Keep it Green Is Douglas fir flooring eco-friendly

Keep it Green: Is Douglas fir flooring eco-friendly?

March 9, 2011 by | nell | There have been 0 comments

Dilemma: you love the look of Douglas fir flooring. but you want to be sure you’re picking a product that’s not harmful to the environment. Do Douglas fir floors fit the bill? Isn’t cutting down trees bad for the planet?

In truth, there are a lot of factors that go into determining how environmentally-friendly any product is. There are a few things to consider regarding flooring. To start, where does the flooring come from? Carpet, vinyl flooring or engineered wood products might be made of components produced in various locations, shipped to China, assembled in a factory, and then shipped back across the ocean to the U.S. There are a lot of miles built into that product.

Douglas-fir is native to the Pacific Northwest, where it’s the state tree of Oregon. If you’ve hiked a trail anywhere west of the Rockies, chances are you’ve seen Douglas-fir growing in its native environment.

Douglas-fir trees in a native forest.

Knowing where your wood comes from is important—according to the Forestry Stewardship Council. wood that comes from certain regions—especially Eastern Europe, Latin America, China and Southeast Asia—is often logged illegally, then processed and exported to North America as products like plywood and decking.

Bamboo and cork, often praised as eco-friendly choices because the plants they come from replenish much more quickly than trees used for other wood floors, lose out to Douglas fir flooring when it comes to the energy used to transport them from their tropical origins to the homes of U.S. consumers.

Douglas fir flooring sold on this site comes from trees grown in the Northwest, then processed and milled near Portland. There’s very little shipping and manufacturing involved in creating Douglas fir floors—during the whole process, from tree to log to plank, the wood stays within the same region where it was grown.

When you’re weighing out the environmental pros and cons of a purchase, you also need to think about how long what you’re buying is going to last. You don’t have to be an environmental scientist to realize that a floor that endures for a lifetime is a more sustainable choice than one that needs to be replaced every 1 or 2 decades. Every time a floor is replaced, resources are used in manufacturing, shipping and installation. The average synthetic-fiber carpet will last about 15 years, while a higher-quality wool carpet could last 20-30. A vinyl floor, depending on the quality, can last anywhere from 10-30 years. A Douglas fir floor will last up to 100 years, sometimes more.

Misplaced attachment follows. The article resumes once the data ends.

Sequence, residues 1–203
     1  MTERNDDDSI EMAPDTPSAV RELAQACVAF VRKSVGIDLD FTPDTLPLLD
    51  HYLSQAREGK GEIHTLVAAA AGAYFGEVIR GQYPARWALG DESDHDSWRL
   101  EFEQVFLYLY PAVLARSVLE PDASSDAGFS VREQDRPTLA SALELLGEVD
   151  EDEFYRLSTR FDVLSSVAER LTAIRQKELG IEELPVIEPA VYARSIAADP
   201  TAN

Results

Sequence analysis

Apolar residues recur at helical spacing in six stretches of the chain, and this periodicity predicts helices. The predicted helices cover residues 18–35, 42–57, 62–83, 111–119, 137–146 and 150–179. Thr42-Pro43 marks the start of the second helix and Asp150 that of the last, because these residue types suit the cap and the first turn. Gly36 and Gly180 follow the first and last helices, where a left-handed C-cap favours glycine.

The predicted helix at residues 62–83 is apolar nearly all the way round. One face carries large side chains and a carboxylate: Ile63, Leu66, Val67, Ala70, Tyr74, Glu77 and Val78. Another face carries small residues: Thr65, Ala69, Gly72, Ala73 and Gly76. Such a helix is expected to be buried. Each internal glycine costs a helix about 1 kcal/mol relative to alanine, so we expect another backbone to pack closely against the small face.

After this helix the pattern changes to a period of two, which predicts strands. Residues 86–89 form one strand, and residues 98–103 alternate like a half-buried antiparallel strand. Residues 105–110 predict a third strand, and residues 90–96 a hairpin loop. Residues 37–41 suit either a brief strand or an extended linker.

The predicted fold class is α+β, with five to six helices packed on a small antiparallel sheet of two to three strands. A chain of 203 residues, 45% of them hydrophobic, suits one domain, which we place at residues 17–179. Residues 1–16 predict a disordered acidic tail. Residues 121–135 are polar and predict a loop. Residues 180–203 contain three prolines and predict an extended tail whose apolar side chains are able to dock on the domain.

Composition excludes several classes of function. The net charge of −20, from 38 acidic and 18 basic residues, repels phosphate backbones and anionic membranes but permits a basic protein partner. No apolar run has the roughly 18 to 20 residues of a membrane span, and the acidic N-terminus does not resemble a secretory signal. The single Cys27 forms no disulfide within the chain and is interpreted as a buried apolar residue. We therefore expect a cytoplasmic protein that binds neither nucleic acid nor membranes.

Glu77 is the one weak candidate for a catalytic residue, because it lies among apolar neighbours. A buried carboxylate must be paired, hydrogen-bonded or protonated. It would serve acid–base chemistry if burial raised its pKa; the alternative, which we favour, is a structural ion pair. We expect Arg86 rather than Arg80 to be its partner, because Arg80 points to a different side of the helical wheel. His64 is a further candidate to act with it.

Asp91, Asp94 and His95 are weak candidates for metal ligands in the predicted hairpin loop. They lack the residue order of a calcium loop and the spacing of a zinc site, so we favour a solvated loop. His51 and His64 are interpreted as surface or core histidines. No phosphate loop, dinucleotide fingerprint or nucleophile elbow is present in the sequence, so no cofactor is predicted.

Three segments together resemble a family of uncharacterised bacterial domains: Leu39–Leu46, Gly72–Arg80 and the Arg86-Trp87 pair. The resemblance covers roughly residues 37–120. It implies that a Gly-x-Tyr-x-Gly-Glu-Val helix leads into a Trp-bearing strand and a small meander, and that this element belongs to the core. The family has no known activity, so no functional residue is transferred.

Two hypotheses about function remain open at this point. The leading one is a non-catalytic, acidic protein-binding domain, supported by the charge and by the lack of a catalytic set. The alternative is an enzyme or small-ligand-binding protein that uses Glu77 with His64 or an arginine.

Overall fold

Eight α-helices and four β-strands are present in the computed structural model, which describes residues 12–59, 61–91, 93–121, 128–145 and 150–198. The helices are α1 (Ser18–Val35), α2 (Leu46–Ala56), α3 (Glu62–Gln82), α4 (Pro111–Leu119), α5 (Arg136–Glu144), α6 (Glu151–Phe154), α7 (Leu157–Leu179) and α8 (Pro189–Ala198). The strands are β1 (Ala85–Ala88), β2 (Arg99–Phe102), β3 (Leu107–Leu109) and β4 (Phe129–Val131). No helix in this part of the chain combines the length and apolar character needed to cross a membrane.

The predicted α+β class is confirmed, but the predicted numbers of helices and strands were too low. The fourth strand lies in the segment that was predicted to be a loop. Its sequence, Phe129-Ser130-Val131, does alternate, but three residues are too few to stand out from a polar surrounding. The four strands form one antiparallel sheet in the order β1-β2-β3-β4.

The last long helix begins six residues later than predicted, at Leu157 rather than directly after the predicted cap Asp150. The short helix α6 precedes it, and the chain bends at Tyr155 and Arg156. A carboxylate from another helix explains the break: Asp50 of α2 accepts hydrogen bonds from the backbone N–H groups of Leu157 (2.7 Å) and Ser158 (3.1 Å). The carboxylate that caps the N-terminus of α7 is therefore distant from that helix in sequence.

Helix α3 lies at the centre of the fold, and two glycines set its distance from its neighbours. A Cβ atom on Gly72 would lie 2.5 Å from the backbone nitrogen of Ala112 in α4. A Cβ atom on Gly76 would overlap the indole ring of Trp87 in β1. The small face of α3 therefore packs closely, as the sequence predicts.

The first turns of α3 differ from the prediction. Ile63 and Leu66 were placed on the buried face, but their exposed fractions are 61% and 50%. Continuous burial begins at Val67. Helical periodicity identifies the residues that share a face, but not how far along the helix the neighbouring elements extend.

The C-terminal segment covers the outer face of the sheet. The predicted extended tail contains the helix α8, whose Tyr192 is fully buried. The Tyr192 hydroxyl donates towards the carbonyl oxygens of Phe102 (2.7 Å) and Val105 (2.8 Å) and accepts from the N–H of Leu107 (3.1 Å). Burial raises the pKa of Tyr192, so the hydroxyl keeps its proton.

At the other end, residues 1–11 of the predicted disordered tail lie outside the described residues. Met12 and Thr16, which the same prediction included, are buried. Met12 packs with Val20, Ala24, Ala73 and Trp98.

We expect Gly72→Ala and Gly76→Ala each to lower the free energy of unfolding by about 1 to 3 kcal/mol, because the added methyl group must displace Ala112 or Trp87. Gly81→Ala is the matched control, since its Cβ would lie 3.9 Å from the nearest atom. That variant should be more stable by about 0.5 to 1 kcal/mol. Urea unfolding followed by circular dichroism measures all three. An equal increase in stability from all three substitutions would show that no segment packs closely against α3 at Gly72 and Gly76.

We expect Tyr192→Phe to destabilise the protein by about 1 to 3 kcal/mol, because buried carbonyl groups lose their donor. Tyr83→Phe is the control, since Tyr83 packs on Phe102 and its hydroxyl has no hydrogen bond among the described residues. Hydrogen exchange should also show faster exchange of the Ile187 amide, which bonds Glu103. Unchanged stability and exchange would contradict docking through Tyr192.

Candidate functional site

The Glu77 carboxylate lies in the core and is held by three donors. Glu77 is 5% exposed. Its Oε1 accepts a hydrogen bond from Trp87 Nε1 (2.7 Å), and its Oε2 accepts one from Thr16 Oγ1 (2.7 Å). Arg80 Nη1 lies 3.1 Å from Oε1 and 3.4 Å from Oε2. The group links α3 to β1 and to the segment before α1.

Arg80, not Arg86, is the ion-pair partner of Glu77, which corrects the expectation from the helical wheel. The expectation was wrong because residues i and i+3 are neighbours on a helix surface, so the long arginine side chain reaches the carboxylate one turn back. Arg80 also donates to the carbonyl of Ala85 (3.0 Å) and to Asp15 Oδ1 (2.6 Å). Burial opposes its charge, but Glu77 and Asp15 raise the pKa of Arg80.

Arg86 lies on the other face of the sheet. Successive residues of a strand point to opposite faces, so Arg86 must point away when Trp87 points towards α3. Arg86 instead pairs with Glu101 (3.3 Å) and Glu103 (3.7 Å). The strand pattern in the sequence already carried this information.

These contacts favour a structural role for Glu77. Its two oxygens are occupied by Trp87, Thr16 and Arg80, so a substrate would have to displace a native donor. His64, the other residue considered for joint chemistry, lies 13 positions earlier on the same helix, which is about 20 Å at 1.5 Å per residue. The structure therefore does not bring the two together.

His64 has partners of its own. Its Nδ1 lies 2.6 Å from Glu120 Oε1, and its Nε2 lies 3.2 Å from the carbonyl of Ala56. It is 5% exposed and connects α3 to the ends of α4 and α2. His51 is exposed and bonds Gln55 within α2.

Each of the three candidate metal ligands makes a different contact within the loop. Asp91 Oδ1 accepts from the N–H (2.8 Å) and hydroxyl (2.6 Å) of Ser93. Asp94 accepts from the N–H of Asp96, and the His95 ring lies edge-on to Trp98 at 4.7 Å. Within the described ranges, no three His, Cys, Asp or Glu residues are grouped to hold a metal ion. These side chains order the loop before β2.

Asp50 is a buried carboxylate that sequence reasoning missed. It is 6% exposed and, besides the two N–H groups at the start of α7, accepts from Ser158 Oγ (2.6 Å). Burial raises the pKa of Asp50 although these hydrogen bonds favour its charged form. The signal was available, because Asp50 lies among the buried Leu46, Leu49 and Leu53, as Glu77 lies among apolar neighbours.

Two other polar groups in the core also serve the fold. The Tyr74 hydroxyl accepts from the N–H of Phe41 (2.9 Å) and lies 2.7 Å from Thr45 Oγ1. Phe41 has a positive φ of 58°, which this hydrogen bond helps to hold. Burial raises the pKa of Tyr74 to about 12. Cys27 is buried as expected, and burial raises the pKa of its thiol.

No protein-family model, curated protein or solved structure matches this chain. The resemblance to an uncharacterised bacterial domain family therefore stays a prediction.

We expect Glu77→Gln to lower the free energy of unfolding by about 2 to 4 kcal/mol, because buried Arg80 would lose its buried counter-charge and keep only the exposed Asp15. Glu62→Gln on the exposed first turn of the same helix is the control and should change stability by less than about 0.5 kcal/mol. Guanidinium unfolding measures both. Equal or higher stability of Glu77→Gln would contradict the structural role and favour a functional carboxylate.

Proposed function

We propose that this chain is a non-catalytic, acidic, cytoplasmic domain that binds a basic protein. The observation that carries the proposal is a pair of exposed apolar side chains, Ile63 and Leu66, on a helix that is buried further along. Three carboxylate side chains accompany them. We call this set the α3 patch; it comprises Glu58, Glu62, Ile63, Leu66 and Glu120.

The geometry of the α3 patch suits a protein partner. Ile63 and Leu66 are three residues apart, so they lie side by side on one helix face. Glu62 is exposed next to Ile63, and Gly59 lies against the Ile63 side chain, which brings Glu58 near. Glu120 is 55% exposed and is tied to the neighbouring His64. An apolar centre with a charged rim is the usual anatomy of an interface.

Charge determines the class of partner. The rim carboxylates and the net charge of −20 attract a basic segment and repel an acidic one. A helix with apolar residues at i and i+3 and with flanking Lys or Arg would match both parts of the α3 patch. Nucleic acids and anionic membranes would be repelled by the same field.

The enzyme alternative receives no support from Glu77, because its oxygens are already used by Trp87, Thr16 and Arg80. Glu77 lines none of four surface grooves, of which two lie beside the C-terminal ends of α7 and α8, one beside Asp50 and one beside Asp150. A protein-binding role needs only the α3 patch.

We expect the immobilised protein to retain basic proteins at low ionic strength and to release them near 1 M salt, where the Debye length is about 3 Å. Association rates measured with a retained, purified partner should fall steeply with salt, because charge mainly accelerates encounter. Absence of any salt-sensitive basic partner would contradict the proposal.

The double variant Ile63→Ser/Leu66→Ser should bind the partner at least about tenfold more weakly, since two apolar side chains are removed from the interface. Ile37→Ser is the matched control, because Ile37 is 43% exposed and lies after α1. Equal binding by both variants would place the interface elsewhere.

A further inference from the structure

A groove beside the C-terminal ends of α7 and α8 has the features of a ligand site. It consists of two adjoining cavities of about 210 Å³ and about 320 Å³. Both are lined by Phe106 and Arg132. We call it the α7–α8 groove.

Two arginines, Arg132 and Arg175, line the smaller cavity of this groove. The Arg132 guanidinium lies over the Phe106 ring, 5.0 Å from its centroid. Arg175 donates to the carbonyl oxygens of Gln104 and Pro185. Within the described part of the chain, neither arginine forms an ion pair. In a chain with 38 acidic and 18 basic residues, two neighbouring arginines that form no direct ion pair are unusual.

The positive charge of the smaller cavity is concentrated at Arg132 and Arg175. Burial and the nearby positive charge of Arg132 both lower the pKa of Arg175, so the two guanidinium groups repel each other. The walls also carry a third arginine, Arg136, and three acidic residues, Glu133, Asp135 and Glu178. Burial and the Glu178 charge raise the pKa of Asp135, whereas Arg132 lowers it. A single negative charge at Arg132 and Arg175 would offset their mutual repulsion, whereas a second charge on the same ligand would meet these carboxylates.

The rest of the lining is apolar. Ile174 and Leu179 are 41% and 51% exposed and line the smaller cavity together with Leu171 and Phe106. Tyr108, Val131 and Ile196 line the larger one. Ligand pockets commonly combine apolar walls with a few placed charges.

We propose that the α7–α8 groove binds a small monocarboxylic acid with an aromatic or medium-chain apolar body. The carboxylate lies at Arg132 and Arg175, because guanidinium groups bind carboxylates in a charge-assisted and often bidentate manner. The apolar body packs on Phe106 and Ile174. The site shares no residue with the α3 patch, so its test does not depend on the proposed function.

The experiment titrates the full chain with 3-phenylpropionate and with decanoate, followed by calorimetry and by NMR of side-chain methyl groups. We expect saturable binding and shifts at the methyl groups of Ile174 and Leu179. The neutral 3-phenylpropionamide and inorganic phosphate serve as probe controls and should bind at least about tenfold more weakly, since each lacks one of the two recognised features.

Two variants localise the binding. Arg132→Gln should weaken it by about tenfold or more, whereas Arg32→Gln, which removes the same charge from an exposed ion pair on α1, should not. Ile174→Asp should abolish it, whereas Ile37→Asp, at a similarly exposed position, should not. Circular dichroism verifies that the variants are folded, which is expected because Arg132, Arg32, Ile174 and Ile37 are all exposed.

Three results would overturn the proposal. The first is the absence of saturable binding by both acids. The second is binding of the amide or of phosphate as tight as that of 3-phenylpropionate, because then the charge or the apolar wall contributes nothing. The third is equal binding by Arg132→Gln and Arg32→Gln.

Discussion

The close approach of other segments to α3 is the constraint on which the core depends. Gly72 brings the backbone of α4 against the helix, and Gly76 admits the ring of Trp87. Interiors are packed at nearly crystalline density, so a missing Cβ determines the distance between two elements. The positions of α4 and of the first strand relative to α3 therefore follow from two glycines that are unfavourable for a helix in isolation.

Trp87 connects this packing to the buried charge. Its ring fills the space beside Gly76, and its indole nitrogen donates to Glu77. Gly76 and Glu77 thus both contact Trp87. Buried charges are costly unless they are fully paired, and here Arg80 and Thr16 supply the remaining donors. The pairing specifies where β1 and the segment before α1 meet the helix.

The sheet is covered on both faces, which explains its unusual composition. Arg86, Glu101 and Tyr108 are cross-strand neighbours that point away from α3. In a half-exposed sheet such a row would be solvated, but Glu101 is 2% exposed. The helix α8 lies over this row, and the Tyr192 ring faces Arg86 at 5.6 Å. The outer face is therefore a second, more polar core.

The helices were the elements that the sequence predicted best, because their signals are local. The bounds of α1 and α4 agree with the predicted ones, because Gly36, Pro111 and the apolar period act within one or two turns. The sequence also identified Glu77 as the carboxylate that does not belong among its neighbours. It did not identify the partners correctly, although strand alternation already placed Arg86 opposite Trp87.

When you buy wood flooring, you know you’ve got a product that will most likely last the lifetime of your house. That one-time purchase is a more economical buy, both for your pocketbook and the environment.

If at some point a homeowner decides to replace their wood flooring, those boards can then be recycled and used again, sold as reclaimed wood flooring, where they’ll find new life in a new home. Reclaimed wood has seen a huge surge in popularity in recent years, both from folks who love the unique patina of aged wood, and for people who enjoy purchasing wood knowing that no new trees were cut down. Reclaimed Douglas fir floors and timbers are available for homeowners looking for that blend of history and green living that comes with reclaimed wood.

And if, someday, the boards of a wood floor are simply too worn out to serve any more useful purpose, they will break down naturally over time. If stripped of chemical finishes, boards can be turned into wood chips and toss them into your compost pile.

Keep it Green Is Douglas fir flooring eco-friendly

Indoor Air Quality

Many household products contain volatile organic compounds, commonly known as VOCs. A VOC is any substance that contains carbon and readily “off-gases”—or turns into a vapor—at room temperature. According to the U.S. Environmental Protection Agency, VOCs can have both long and short-term health effects, and VOC levels are often two to five times higher indoors than outdoors. Carpets, vinyl flooring, and other building materials are among the many substances that emit VOCs. Carpet fibers are often coated in chemicals to repel stains or moisture, and the carpet pads they rest on and the adhesives used during installation emit VOCs as well.

While wood does naturally emit small amounts of formaldehyde, it does so at very low levels. Environmentally-friendly, low-VOC stains and finishes are available for your wood floor, to further reduce the amount of indoor air pollution.

Carpets are also known to trap dust, dirt, and allergens within their fibers—with a wood floor, a quick sweeping and cleaning removes the dust and allergens from the home. For people with allergies or asthma, having a floor that you know isn’t emitting chemicals or storing pollutants is a literal breath of fresh air.

Wood, by its very nature, is a green material. It’s non-toxic, recyclable, grows naturally, and it doesn’t take any extra energy to manufacture. While illegal logging and deforestation is a concern worldwide, Douglas fir flooring comes from legally-logged forests that are managed for long-term forest renewability.

So if making the perfect choice for a green home is weighing on your mind, fret no more. You can have beautiful Douglas fir floors and peace of mind too: they are a responsible choice for maintaining a healthy planet.

- Jennifer Rouse


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